Active transport is the energy-assisted movement of substances against a diffusion or electrical gradient. This process requires enzymes and a ‘proton-pump’ embedded in the plasma membrane. The pumps are energized by ATP molecules—a cellular energy storage molecule.
Imbibition is the swelling of tissues, alive or dead, to several times their original volume. This is a result of the electrical charges on materials in suspension (colloidal) such as minerals, cellulose and starches attracting highly polar water molecules which then move into the cell. This swelling process is the initial step in the germination of seeds.
Plasmolysis is the loss of water via osmosis and accompanying shrinkage of the protoplasm away from the cell wall. When this occurs, the cell is said to be plasmolyzed. This process can be reversed if the cell is placed in freshwater and the cell is allowed to regain its turgor pressure. However, as with anything living, there is a point of no return and permanent or fatal damage to the cell can occur.
Osmosis in plant cells is basically the diffusion of molecules through a semipermeable, or differentially permeable, membrane from a region of higher solute concentration to a region of lower solute concentration. The application of pressure can prevent osmosis from occurring. Plant physiologists like to describe osmosis more precisely in terms of potentials. Osmotic potential is the minimum pressure required to prevent fluid from moving as a result of osmosis. Fluid will enter the cell via osmosis until the osmotic potential is balanced by the cell wall resistance to expansion. Any water gained by osmosis may help keep a plant cell rigid or turgid.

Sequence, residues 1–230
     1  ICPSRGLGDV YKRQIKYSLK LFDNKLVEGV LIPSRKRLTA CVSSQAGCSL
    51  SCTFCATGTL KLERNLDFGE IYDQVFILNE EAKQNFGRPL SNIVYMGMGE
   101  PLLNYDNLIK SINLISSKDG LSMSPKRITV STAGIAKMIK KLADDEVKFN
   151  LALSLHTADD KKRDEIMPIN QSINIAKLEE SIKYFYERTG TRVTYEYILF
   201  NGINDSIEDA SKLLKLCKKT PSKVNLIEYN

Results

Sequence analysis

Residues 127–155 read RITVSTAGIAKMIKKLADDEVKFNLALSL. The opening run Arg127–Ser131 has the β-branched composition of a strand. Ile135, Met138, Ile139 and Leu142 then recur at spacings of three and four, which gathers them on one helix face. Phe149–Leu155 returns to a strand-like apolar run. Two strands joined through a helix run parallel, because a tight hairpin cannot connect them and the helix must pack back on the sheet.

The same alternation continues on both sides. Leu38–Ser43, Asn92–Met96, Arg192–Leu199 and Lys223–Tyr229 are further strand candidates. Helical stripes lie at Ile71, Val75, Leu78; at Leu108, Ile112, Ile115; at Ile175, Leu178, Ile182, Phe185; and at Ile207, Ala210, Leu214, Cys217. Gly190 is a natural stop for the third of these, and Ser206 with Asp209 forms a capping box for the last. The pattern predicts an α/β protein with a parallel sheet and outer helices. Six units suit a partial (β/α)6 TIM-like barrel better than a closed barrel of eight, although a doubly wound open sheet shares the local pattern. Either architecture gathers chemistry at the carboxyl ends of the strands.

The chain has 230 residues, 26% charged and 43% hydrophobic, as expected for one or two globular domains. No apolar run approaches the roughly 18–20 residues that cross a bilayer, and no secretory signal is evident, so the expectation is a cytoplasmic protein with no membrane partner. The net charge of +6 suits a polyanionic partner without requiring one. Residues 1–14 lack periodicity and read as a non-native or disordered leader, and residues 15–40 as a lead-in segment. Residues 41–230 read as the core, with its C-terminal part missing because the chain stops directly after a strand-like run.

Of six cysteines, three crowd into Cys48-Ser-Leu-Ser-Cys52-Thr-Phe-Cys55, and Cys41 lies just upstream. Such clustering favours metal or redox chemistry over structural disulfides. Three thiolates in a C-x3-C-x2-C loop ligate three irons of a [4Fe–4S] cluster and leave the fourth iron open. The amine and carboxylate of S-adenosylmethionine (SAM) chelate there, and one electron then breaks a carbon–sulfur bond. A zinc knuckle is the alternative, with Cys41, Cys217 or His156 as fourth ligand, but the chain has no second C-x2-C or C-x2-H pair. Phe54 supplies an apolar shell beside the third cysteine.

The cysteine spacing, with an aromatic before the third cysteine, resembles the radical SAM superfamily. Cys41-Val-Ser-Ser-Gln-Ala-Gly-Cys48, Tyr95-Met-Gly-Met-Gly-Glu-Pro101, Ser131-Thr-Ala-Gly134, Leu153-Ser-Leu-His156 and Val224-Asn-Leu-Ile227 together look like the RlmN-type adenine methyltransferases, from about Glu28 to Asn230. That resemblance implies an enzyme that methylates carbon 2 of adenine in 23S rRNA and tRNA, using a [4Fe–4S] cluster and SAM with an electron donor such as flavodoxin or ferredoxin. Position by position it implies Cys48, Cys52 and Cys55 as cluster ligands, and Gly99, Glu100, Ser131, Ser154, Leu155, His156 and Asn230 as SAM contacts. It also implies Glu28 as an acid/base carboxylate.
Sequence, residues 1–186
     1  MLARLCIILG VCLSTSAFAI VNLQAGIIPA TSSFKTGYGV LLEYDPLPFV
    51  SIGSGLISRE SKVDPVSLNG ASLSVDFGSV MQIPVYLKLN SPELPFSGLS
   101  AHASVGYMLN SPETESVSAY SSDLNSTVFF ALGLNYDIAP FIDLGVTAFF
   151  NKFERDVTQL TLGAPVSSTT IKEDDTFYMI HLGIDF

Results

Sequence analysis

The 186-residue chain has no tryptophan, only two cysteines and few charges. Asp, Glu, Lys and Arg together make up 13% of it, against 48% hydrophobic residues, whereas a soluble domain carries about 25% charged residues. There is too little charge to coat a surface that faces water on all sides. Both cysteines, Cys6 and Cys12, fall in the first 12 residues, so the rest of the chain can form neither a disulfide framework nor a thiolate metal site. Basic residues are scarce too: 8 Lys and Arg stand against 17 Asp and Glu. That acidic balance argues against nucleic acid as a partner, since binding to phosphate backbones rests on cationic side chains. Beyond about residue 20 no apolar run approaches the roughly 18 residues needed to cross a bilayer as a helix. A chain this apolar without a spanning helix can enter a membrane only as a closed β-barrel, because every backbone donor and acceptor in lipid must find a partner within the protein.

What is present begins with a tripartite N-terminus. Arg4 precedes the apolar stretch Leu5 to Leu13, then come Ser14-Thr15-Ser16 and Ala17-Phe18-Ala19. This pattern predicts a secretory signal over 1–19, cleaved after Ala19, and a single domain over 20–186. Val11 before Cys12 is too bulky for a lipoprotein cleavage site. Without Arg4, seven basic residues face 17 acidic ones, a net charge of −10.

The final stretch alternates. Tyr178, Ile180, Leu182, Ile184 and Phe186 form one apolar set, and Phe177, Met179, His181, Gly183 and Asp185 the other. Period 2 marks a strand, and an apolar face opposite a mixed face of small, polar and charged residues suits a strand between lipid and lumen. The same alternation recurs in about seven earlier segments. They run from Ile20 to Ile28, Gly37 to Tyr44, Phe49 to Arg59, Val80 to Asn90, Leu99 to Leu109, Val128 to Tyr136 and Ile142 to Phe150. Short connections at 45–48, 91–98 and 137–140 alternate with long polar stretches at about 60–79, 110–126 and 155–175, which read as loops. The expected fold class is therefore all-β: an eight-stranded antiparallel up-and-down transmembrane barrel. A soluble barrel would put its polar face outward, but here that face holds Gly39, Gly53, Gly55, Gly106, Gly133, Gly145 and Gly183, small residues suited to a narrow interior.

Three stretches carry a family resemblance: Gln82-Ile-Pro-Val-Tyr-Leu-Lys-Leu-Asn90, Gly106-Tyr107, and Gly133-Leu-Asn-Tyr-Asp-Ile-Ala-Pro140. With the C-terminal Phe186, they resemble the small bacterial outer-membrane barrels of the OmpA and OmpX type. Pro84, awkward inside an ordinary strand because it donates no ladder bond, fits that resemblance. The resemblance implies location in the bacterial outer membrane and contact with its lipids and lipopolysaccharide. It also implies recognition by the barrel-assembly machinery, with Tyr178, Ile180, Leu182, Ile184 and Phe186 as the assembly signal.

The turgor pressure that develops against the cell walls as a result of water entering the cell’s vacuole. This pressure is also referred to as the pressure potential. The crunch when you bite into a celery stick is as a result of the violation of the cell’s turgor pressure. The osmotic potential and pressure potential combined make up the water potential of a plant cell. If there are two cells next to each other of different water potentials, water will move from the cell with the higher water potential to the cell with the lower water potential. Water enters plant cells from the environment via osmosis. Water moves because the overall water potential in the soil is higher than the water potential in the roots and plant parts. If the soil is desiccated then there will be no net movement into the plant cells and the plant will die.
Diffusion is the net movement of molecules or ions from an area of higher concentration to an area of lower concentration. Think of it as a rebalancing. The molecules or ions are said to be moving along a diffusion gradient. If molecules or ions moving in the opposite direction are said to be moving against a diffusion gradient. Diffusion will continue until a state of equilibrium is reached. Rates of diffusion are affected by temperature and the density of the involved molecules among other things. In the leaves, water diffuses out via the stomata into the atmosphere.